So, which flavour is the mediator? In my opinion, the mediator comes closest to being a Supervising Presenter, at least if I look at the LoginPanel example. In that example, model instances are used in the view, and databinding is used (still within the view), to bind form fields into the model instance. In addition to this, the documentation for the puremvc mediator says:

A View Component should encapsulate as much of its own state and operation as possible, exposing a simple API of events, methods and properties.

The responsibilities for the Mediator are primarily handling Events dispatched from the View Component and relevant Notifications sent from the rest of the system.

This shows, that a mediator is supposed to put some burden on the view, while keeping itself lean.

How Cairngorm Applies UI Patterns

Cairngorm has no notion of a mediator, a supervising presenter, passive view or anything like it. Actually, it has been bashed upon by many, as it advocates a solution of simply data-binding of view component state directly up into the model. And to make matters worse, the model is simply a global state, expressed through a singleton.

Looking at the Cairngorm documentation and the examples (both the introductory contact management app and the “advanced” Cairngorm Store), only make this stand out even more clear. The views have lots of logic, and as such operates as what is known as the Autonomous View pattern. So, what is an autonomous view? Martin Fowler describes it as:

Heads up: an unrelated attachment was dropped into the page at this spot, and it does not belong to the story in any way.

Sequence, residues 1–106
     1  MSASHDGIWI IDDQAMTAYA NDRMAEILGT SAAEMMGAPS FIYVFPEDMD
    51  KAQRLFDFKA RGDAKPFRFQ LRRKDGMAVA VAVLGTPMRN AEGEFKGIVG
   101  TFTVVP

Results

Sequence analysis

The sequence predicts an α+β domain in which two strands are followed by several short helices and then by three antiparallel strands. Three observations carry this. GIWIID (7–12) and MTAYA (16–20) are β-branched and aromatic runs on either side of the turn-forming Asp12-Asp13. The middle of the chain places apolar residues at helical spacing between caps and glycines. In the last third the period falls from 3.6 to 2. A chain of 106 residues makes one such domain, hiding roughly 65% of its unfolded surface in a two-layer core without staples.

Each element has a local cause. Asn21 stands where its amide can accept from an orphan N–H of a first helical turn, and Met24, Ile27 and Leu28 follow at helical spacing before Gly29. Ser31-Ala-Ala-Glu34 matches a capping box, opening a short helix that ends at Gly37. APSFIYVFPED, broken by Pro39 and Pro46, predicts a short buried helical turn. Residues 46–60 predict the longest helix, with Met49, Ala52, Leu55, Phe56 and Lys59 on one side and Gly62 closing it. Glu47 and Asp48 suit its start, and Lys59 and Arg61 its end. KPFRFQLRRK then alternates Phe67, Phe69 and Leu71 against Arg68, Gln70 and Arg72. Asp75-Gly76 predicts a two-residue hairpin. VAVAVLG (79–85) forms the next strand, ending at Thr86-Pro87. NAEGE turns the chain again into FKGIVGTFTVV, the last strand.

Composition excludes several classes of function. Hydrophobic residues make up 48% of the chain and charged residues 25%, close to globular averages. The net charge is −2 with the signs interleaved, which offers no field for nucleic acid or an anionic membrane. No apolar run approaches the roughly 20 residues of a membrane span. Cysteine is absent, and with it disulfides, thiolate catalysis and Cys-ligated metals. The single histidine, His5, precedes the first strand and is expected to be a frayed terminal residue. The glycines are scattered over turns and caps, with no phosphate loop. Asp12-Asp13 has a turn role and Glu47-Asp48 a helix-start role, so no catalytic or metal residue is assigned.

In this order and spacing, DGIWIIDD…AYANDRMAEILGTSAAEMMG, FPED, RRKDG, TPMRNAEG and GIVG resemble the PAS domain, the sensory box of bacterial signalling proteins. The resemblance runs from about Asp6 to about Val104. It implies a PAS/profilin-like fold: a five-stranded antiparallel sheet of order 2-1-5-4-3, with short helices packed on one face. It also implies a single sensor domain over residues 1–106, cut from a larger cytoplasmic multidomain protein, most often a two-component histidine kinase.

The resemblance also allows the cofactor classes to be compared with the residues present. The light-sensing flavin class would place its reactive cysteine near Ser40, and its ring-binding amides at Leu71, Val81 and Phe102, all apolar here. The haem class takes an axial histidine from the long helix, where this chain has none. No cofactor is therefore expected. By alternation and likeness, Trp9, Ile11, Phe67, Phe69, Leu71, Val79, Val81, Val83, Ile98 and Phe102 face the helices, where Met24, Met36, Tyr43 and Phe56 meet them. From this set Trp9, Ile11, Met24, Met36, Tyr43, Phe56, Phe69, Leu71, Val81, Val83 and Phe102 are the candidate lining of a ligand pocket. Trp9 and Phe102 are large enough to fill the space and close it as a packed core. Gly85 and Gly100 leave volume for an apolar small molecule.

Puts all presentation state and behavior for a window in a single class.

which to me is a bit like having a no pattern pattern. Simply chunk everything together. This, combined with the fact, that the autonomous views in a Cairngorm based application are advocated to databind directly into one global model instance, makes for really bad separation of concerns between the view and the model.

Even though I think that most of us can agree on the above being a really bad solution, it does not make all of Cairngorm bad. You “just” have to know this up front, and do some extra work yourself. One way to solve this in Cairngorm, is to introduce your own presentation class, separating the view better from the model. In addition to this, you get the option of choosing something else, than a supervising presenter as PureMVC advocates. But, you are ending up coding something to fix a mischild of Cairngorm, something that is already build into PureMVC. In addition to this, if you do not want to databind directly into the model, you will have to think of a way to get databound data from the presenter back into the real model.

Conclusion

So is PureMVC better then? This is a question, that cannot be answered by this post alone. The UI patterns is just one part of both frameworks, albeit an important one. One could argue, that you get more out-of-the-box with PureMVC, the mediators being a builtin concept of the framework. The mediators and the communication from and to mediators through notifications, have been nicely worked into the PureMVC framework.